1. I am 62 and just finished this trek on May8, 2016. I agree with Becky that it was not what we expected and totally not easy but very enjoyable. Our tour was provided by nepaltrekkingtourisim.com and I would highly recommend. They do this trek the opposite of most as they believe it’s a little easier climbing the steps to Ghandruk and come down from Poon Hill. After completing the trek, I would agree. Also you are going against most other treks and we had less tourists at each overnight stop. Sleeping bags can be rented in Pokhara so one thing less to bring from home. Your pictures of the stone steps can be helpful for those planning to trek in Nepal. Don’t just practice on flat or hilly terrain. You better find some steps to go up and down because there are many all over these mountains. Nearly anyone can do this trek but some preparation will make the legs less sore.

      2. @Brad, Thanks for chiming in with your experience! Sounds like a great idea to do the trek in opposite order and glad you had a good time.

  5. Hey Becky!

    Thank you for that descriptive and informative bit about the Poon Hill Trek. Me and my friends are planning a holiday to Nepal and planning to do this trek. But I was wondering if the Poon Hill trek can be done in 3 days (Up and down)? Because we are there for only 7 days and we have planned other things to do as well as this trek which seems to be the shortest and best option. Any info on this subject will be appreciated. Thanks!

    1. @Gautam, If you are already in Pokhara so you can get an early start on Day 1, it should be possible. However, I would worry a little about acclimatizing to the altitude in that quick of a journey. The elevation is the hard part, it is not like hiking at sea level!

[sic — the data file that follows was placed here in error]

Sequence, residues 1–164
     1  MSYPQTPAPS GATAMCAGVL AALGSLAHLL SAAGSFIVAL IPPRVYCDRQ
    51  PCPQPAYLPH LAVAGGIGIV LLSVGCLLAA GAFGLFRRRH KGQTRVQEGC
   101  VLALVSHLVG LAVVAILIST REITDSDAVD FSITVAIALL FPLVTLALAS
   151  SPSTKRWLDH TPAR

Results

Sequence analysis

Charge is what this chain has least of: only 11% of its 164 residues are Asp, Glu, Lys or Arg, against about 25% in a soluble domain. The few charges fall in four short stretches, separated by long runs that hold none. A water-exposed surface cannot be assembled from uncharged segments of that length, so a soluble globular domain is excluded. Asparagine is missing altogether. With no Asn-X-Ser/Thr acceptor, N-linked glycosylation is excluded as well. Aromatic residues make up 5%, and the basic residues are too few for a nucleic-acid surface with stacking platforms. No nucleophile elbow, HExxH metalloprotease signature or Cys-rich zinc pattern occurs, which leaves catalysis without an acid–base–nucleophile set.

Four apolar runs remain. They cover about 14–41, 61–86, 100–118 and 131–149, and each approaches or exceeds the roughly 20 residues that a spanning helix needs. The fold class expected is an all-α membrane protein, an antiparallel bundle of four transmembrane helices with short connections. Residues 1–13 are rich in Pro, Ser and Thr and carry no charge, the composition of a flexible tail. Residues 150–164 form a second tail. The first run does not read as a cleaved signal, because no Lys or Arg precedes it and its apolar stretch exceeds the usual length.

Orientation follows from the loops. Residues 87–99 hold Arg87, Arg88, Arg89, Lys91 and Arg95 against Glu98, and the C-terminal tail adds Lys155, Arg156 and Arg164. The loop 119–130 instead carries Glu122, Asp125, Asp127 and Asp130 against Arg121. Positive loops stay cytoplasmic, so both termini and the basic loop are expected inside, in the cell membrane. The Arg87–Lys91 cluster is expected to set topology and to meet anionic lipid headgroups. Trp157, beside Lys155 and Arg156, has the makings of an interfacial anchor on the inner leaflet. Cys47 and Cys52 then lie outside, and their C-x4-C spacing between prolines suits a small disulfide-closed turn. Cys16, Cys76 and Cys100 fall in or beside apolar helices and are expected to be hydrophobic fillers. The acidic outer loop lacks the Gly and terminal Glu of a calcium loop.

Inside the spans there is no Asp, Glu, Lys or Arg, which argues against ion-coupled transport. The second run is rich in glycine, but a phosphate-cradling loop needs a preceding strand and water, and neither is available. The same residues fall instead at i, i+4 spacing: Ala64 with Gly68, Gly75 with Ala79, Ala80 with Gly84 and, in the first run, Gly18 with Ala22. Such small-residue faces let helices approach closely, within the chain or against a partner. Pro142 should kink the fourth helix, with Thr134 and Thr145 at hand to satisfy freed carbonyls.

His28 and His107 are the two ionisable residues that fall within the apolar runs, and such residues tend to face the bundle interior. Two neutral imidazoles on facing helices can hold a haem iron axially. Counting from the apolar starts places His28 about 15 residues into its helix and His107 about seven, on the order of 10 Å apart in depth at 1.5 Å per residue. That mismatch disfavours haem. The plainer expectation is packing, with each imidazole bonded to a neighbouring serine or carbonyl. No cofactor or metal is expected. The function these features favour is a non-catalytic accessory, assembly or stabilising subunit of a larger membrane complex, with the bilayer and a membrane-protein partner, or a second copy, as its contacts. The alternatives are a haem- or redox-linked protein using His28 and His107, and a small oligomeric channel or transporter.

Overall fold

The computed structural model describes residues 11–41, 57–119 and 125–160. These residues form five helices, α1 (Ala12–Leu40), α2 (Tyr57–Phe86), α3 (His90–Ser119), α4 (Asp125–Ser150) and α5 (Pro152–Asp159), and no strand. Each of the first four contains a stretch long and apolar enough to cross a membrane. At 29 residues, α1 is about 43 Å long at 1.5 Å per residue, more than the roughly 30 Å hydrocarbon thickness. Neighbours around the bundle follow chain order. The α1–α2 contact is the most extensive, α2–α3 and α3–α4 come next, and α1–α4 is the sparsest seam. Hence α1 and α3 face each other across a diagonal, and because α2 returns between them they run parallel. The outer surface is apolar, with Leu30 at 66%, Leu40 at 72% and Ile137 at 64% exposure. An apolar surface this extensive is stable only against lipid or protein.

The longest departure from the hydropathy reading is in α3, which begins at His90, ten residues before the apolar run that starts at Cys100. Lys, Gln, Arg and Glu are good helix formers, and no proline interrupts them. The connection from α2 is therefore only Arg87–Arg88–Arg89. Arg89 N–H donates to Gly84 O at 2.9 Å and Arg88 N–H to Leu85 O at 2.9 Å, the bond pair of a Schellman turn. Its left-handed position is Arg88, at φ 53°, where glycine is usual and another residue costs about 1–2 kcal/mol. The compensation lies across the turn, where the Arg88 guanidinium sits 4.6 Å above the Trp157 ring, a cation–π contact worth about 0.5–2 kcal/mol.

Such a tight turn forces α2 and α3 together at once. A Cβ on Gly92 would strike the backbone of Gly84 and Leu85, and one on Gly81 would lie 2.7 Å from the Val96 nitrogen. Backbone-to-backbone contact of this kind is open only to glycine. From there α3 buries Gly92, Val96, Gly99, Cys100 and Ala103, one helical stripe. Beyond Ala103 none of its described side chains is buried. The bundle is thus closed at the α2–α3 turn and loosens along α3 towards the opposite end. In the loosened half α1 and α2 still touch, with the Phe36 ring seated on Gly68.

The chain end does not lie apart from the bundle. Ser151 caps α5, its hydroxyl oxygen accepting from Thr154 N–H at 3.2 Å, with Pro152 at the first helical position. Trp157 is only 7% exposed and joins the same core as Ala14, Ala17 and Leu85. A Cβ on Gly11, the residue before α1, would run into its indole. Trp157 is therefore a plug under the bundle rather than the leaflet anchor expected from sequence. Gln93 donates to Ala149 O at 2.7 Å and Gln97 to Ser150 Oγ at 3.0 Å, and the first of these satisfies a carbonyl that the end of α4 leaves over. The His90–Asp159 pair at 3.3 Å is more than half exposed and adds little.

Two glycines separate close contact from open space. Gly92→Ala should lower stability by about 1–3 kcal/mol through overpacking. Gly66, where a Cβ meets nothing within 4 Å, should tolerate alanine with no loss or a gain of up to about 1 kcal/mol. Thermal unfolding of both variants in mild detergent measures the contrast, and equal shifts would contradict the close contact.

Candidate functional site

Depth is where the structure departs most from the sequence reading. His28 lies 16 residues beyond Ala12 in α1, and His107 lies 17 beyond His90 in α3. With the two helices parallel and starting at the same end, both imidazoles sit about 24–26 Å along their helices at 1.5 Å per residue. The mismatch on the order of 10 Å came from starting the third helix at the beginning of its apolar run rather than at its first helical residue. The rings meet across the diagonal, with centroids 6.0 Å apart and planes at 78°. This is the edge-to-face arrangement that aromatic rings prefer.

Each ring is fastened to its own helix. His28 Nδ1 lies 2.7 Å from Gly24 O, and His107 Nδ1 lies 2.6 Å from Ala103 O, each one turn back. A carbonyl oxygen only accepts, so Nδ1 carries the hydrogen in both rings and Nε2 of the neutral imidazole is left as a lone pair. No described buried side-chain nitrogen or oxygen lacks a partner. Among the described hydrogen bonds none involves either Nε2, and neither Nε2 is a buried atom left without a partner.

6. hii, I will be travelling to Nepal from 8th oct. to 12th with a group of four other Indian women (with moderate fitness level). I actually wanted to know if it is feasible to reach kathmandu, stay there for night, start for pokhara next morning for poon hill trek, finish it in 2nights and 3days (incl. travel time from KTM to pokhara) and stay and relax in pokhara the last night. Also, do i need advanced booking for trek guides and stay options during the trek. Can you suggest any suitable for a group of women?

    Also, if this seems unfeasible, can you suggest other popular trek options doable in 2days?

    Your help would be much appreciated.

    Thanks.

    1. @Shilpa, Doing it all in 3 days is pushing it, but it’s possible if you are already adjusted to the altitude. For starters, you’d absolutely need to fly from Kathmandu to Pokhara and have a guide arranged in advance to assist with permits and paperwork preparations. I’d be very careful about the elevation and oxygen levels if you haven’t acclimated. I recommend 3 Sisters Trekking.

  7. Hi Becky, thank you for your blog information. I plan to do poon hill next March on my own. Climbing hills/mountains hasn’t been an issue with me generally, however, going back down always was worse. How is the descent? Also, would you consider a single female safe on the trail? Thank you in advance.